A rhino is seen with an armed ranger from the Lewa Conservancy, Kenya, 08 September 2014. © Alex Hofford

HONG KONG November 26, 2018 – With auction houses Sotheby’s and Bonhams having just announced that they will no longer sell rhino horn items, WildAid calls on China Guardian Auctions and Poly Auction – the last two of Hong Kong’s five major auction houses – to act responsibly by immediately banning the sale of rhino horn items.

It’s high time that all auction houses committed themselves to protecting endangered species,” said WildAid Hong Kong Campaigner Alex Hofford. “Let the recent ethical decisions by Sotheby’s and Bonhams to end the sale of rhino horn items inspire China Guardian and Poly Auction to join the global community and to do their part to ensure the survival of the remaining wild rhino populations.

Last week, after 37 global wildlife conservation organizations signed a letter urging Bonhams to cancel its rhino horn auction scheduled for November 27 and to remove rhino horn items from their salesrooms permanently, Bonhams Global CEO Matthew Girling announced that all 21 rhino horn items would be taken off the November auction block as well as from all future auctions.

Bonhams stands behind the professionalism and expertise of its specialists,” said Girling in a statement. “We do, however, recognize there are widely held concerns about this issue and have decided that the sale of the rhinoceros carvings will now not take place. In future, Bonhams will not offer artifacts made entirely or partly from rhinoceros horn in its salerooms.

Shortly after Girling’s statement, Sotheby’s also announced that they would withdraw rhino horn items from their upcoming sale on November 29. Bonhams and Sotheby’s join Christie’s auction house, which already had a ban in place.

The company will no longer offer rhino horn artifacts in the future,” Sotheby’s said in a statement. “Sotheby’s deplores any illegal slaughter and trading of endangered wildlife, and strongly supports conservation efforts from the global community.

In addition to using the horn as a traditional “medicine,” carvings and accessories have become increasingly desirable for the purposes of home decoration, speculative investment, bribing and gifting.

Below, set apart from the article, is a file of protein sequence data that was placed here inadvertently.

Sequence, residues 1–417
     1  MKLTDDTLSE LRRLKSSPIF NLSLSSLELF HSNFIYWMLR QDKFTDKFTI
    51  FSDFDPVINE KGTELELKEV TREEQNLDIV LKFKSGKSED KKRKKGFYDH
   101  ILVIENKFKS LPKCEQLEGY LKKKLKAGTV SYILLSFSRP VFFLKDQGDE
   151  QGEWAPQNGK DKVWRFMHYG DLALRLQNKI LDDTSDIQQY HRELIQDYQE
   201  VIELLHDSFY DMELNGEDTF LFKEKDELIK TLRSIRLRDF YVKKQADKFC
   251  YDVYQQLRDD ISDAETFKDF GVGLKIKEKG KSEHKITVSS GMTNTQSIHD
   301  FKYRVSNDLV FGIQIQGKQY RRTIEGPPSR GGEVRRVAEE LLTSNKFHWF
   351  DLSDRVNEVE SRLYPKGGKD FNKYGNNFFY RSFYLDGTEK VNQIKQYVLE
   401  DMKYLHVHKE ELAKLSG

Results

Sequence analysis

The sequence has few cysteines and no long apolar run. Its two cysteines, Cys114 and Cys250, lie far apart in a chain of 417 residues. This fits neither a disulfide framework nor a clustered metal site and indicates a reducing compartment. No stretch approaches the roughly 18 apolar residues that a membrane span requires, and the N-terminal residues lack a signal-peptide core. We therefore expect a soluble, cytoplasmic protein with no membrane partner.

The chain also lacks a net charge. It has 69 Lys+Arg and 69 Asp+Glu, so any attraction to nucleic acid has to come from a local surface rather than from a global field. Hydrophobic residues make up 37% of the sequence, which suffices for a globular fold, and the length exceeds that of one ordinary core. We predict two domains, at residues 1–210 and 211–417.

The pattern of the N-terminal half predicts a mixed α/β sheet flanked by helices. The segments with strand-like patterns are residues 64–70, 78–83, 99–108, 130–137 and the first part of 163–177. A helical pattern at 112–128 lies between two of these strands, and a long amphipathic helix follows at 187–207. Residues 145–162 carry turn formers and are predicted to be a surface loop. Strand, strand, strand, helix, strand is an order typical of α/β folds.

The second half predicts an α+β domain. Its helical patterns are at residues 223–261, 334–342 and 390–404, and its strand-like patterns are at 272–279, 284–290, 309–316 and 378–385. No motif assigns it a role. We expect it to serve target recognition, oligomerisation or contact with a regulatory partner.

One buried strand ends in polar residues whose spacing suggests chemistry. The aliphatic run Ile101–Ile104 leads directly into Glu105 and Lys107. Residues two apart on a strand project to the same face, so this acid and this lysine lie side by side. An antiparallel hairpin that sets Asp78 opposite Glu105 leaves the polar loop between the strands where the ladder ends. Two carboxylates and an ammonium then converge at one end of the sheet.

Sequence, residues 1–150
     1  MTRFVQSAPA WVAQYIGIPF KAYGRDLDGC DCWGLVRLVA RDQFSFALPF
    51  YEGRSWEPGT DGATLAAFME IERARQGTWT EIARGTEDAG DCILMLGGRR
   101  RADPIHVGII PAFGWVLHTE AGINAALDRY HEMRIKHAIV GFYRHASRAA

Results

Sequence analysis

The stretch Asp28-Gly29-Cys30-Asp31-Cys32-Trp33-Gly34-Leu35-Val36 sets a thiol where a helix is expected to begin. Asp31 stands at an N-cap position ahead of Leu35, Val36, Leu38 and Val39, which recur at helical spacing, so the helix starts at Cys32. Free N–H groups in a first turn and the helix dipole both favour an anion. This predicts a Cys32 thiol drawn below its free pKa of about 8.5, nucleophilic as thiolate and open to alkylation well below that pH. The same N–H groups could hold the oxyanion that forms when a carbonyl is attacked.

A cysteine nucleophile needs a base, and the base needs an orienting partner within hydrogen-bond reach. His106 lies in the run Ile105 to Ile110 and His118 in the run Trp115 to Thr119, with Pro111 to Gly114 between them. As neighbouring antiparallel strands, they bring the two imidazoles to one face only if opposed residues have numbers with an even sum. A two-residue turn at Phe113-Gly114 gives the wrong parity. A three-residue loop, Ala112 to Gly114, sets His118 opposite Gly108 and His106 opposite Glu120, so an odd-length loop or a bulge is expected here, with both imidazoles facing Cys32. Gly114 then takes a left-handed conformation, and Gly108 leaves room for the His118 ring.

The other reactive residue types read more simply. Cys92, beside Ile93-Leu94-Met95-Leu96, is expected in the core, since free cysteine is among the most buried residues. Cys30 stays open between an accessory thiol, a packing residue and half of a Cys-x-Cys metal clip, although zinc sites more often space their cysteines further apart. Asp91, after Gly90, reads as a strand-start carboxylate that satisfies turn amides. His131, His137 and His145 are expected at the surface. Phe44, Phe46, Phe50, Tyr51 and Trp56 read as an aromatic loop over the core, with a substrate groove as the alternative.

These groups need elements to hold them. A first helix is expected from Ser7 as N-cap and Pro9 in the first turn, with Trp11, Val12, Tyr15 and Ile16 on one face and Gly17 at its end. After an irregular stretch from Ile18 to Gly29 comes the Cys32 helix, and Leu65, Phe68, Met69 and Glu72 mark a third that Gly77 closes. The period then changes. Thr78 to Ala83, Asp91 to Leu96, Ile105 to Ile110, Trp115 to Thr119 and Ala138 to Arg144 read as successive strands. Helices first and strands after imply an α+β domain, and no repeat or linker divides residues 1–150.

Canceling the sale of rhino horn sends a clear signal from Bonhams and Sotheby’s that rhino horn is worth more on the rhino than as an artifact on an auction block,” said John Baker, Managing Director of WildAid. “It’s time for China Guardian Auctions and Poly Auction to do their part to save this vulnerable species.

Thousands of rhinos have been poached for their horns in the past ten years, most of them in South Africa. Despite spending millions of dollars on protective measures, the country continues to lose rhinos at an alarming rate. CITES and other global wildlife bodies have recognized that reducing demand for wildlife products is the key to protecting them.

Editor’s Note: Following calls from WildAid and other conservation groups, China Guardian has become the latest auction house to ban the sale of rhino horn items. Only Poly Auction has yet to announce a ban.

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About WildAid

WildAid is a non-profit organization with a mission to end the illegal wildlife trade in our lifetimes. While most wildlife conservation groups focus on protecting animals from poaching, WildAid primarily works to reduce global consumption of wildlife products such as elephant ivory, rhino horn and shark fin soup. With an unrivaled portfolio of celebrity ambassadors and a global network of media partners, WildAid leverages nearly $230 million in annual pro-bono media support with a simple message: When the Buying Stops, the Killing Can Too. 

Journalists on deadline may email communications@wildaid.org